There”s nothing better than beating a Spartan except for, perhaps, beating a Spartan on Michigan”s home turf.
That”s exactly what the Michigan men”s track team intends to do at its first home meet of the season. The Wolverines will face Michigan State and Central Michigan at the Michigan Triangular meet Saturday at Ferry Field.
“We”re looking to win it any way we can,” Michigan coach Ron Warhurst said.
And that means putting the best athletes in their best events. Although the Wolverines have not yet competed in a scored meet this season, their performances match up evenly with the other two schools” athletes.
Michigan junior Ike Okenwa, who currently leads the team in the 100- and 200-meter dashes, trails Central Michigan”s Clive Roberts in the 100-meter by just .09 seconds. Okenwa ran 10.85 at last weekend”s Duke Invitational, compared to Roberts” 10.74 last weekend at Indiana.
Similarly, Michigan freshman Brian Turner lags behind Central Michigan”s 2001 indoor track NCAA All-American Jeff DeLong in the 800-meter run. Turner clocked 1:50.89 last weekend, but the same margin of .09 seconds separates him from DeLong”s winning time at Indiana last weekend.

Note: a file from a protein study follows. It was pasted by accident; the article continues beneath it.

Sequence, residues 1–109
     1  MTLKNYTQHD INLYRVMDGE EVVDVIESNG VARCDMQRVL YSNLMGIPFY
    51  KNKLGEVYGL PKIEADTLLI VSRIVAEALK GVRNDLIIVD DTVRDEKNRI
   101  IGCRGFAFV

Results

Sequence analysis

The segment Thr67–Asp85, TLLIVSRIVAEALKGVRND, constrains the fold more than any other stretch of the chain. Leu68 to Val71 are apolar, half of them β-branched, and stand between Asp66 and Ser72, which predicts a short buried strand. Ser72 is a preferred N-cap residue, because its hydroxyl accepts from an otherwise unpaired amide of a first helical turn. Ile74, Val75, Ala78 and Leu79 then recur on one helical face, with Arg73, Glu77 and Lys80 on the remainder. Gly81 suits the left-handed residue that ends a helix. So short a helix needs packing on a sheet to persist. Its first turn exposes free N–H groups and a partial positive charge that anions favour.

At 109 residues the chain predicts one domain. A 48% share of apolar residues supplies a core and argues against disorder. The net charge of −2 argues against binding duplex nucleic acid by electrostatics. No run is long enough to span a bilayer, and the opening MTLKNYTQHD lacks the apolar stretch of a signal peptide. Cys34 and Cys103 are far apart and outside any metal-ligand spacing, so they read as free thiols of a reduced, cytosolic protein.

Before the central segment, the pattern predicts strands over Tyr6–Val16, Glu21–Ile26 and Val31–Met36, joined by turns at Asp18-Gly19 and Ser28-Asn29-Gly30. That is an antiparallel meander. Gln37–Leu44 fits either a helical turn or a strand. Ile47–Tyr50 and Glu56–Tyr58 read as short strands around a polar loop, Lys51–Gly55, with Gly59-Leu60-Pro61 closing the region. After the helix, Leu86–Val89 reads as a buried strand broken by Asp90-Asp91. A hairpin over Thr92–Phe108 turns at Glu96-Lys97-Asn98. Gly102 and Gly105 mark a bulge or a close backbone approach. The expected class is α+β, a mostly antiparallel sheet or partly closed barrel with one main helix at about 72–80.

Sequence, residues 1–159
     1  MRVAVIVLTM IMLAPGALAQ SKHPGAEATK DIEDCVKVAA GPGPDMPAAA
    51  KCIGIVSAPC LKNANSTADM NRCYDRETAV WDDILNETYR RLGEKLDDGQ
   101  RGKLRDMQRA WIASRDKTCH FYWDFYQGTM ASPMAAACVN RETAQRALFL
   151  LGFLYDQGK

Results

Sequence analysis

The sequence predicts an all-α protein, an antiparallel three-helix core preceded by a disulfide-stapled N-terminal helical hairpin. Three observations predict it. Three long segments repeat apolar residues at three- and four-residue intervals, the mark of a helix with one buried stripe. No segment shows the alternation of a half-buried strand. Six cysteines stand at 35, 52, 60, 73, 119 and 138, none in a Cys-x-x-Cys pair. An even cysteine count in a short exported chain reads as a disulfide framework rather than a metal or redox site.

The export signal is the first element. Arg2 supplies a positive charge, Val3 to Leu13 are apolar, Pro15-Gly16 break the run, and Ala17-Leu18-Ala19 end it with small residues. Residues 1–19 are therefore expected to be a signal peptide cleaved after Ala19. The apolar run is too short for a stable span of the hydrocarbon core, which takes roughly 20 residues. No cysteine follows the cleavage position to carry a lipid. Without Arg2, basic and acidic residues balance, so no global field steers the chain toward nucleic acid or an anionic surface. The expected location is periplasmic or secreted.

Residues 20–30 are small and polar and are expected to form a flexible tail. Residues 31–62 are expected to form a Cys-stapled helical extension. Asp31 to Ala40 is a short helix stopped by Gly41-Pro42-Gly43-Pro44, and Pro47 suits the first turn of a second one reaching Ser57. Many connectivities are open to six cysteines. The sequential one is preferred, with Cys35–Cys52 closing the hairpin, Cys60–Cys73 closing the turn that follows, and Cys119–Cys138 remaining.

But Michigan co-captains Andy Derr and Josh Sellers each lead the competition entering this weekend in their respective events. Sellers not only leads the Wolverines with his time of 53.38 in the 400-meter hurdles, but also the rest of the competition from Michigan State and Central Michigan. Terry Jenkins of Michigan State is the closest to Sellers in the hurdles, and he still lags .55 seconds behind with his best time. Derr”s toss of 188-11 in the javelin is over 13 feet longer than the 175-01 effort by Michigan State”s Paul Terek.
Although Derr leads Terek in the javelin, Terek, a decathlete, might be the biggest threat to the Wolverines. He set a new school record in the pole vault during the indoor season with his jump of 18-2 3/4, as opposed to Michigan vaulter Charles DeWildt”s personal best of 17-9.
“It should be pretty competitive,” Warhurst said. “I don”t think the competition is strong enough to go out and get any qualifying times (for the NCAA Championships), but in a Big Ten meet, you have to be competitive.”
Competition will begin at 9 a.m. with field events, and running events start at 1 p.m.
So while the Wolverines will attempt to stomp the Spartans, they also intend on catching the Chippewas “any way we can,” in the words of Warhurst to win the first of the scoring meets.